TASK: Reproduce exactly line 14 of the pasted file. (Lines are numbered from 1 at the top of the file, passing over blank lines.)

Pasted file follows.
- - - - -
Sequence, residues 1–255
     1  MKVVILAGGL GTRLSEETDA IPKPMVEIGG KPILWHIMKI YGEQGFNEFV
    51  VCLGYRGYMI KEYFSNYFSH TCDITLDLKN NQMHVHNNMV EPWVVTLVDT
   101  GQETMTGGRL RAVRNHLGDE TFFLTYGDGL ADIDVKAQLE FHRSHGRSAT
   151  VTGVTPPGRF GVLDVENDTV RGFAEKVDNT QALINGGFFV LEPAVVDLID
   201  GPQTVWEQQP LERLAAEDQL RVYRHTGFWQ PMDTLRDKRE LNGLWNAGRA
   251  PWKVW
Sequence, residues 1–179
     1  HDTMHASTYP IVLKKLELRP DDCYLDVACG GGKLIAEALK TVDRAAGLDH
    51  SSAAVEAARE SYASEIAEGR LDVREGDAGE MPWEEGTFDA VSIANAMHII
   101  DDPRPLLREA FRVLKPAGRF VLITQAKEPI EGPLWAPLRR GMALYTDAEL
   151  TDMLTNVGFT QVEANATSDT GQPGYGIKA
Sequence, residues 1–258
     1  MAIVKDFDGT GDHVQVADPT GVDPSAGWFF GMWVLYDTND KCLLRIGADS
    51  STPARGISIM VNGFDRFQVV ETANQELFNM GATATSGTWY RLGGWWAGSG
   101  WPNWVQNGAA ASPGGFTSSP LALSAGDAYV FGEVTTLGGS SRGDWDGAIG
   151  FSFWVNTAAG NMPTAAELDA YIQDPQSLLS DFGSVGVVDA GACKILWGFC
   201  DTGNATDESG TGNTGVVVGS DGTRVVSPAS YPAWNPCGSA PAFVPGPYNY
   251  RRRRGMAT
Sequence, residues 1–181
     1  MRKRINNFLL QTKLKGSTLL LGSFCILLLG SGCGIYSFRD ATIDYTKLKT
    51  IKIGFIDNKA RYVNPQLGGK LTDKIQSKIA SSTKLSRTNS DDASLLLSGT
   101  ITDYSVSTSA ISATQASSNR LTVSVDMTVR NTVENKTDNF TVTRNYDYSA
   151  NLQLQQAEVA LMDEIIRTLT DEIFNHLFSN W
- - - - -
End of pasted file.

     1  MAIVKDFDGT GDHVQVADPT GVDPSAGWFF GMWVLYDTND KCLLRIGADS